In reply to Ged Desforges:

> 17 replies and nobody yet mentioned that weight is measured in Newtons, not kg. 

I blame Weight Watchers. I wrote to them suggesting 'Mass Monitors' would be more appropriate but never heard back.

In reply to jkarran:

> That's likely more to do with the bulky hose coming off the reel, reducing its radius as you go. 

Good point, I never considered that. It probably drops from a diameter of about 450mm to about 300mm once unwound. 

This is what I love about this forum, the diverse range of the people who read and comment on here. As the saying goes every day is a school day. 

 Oceanrower 06 Jan 2020
In reply to Bergen1backer:

Right. Definitive answer.

I've just tried it on three different TrueBlue autobelays and it stopped going up with 2 x 2 litre containers of milk and 900ml of water in a bottle.

Quick Google of the weight of milk and I can confirm that it's 5kg near as damn it.

P.S. Couldn't be arsed to try it at different webbing extensions. This was 8 metres from the casing.

 pec 06 Jan 2020
In reply to krikoman:

> the 10kg, is to enable the braking mechanism (magnetic force) to engage / start working. You need a certain amount of speed in the mechanism to create the eddy currents used to slow you down.


My physics might be a bit rusty but ignoring air resistance all objects fall at the same speed, 1kg 10kg or 100kg doesn't matter, so surely the minimum force is to overcome the internal resistance of the device rather than to generate sufficient speed?

 krikoman 06 Jan 2020
In reply to pec:

> My physics might be a bit rusty but ignoring air resistance all objects fall at the same speed, 1kg 10kg or 100kg doesn't matter, so surely the minimum force is to overcome the internal resistance of the device rather than to generate sufficient speed?


The force downwards isn't the same for 1kg, 10kg of 100kg, is it, otherwise you could hold  100kg in you hand as easily as 1kg.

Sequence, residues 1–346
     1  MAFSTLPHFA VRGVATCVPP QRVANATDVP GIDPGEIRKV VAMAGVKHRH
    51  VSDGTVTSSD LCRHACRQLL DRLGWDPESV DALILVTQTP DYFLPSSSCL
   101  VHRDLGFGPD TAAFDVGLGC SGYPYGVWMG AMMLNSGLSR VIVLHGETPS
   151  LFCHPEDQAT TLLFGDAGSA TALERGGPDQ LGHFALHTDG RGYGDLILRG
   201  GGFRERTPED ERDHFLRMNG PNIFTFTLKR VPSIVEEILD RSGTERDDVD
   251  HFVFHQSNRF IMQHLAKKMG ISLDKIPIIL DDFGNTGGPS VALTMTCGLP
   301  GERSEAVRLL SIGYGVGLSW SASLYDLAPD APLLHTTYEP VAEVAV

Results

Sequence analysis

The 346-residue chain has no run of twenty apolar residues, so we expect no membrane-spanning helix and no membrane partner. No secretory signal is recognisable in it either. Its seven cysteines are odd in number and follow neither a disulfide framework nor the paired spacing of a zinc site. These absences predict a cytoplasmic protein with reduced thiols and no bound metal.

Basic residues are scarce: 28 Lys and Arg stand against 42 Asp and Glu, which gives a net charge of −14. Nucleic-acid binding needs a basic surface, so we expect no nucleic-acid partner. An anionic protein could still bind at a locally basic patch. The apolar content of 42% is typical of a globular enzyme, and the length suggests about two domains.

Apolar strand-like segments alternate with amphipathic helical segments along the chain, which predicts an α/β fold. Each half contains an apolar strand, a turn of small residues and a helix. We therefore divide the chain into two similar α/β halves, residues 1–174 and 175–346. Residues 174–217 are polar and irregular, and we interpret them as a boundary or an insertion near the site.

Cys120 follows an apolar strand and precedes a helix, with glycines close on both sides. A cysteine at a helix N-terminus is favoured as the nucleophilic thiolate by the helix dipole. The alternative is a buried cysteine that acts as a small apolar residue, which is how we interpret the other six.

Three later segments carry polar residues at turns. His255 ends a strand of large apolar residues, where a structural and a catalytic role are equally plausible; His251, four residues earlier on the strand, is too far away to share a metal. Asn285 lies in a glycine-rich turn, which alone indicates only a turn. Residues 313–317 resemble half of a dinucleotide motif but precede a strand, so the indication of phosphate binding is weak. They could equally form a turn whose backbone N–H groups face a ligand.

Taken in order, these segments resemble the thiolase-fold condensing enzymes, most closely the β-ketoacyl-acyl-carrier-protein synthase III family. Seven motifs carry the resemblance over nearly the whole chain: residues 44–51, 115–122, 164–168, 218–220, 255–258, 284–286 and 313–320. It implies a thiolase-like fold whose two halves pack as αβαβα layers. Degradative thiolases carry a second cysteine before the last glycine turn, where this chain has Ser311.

Since the force turns a rotor in the device, the harder you pull then quicker it turns, the quicker it turns ( or tries to ) the more breaking effect you get.

 krikoman 06 Jan 2020
In reply to Bergen1backer:

From a manufacturer, though, it's not much help

Hi Krikoman,

Thanks for reaching out.  What a great question!  Perfect Descent auto belays are designed with the intent of not assisting the climber.  Obviously, there will be a tiny bit of pull since the lanyard is under light tension to retract back into the unit, but it is very minimal.  The answer to this question would differ between the Direct Drive or the Speed Drive units.  The Direct Drives have a retraction rate of 2ft/second and the Speed Drives have a retraction rate of 15ft/second.  The answer to your question would also differ on the length of the lanyard (28',40', 53'), since the retraction spring would be under more tension if it is working with a longer lanyard.  The weight of the connection point (are you using a steel carabiner, aluminum carabiner, or dual connections?) would also have an effect on this answer.  Are you asking about one particular auto belay unit type?

To answer the second part of your question, any perceivable pull would be a bit stronger as you are standing at the bottom of a climb, where the retraction spring is fully engaged.  As you climb up, the retraction spring is under less and less tension, so that pull would minimize even further.

The easiest way to answer your question without having a specific unit's quantifiable "pull" handy is that we are entrusted to be the International Federation of Sport Climbing (IFSC's) sole auto belay supplier, and the Perfect Descent manufacturer has put a lot of effort into ensuring that your question is a non-issue.  Hope this helps!

Thank you,

Ruthie Lile

Technical Sales & Support

Aerial Adventure Technologies, LLC

They can't even spell aluminium right!!!

I've checked the speed climbing rules and it gives you all sorts of info, how accurate the timer needs to be, how much angle the overhang is and it's tolerances, the approved auto belay manufacturer, but nowt about the auto belay pull force!

In reply to krikoman: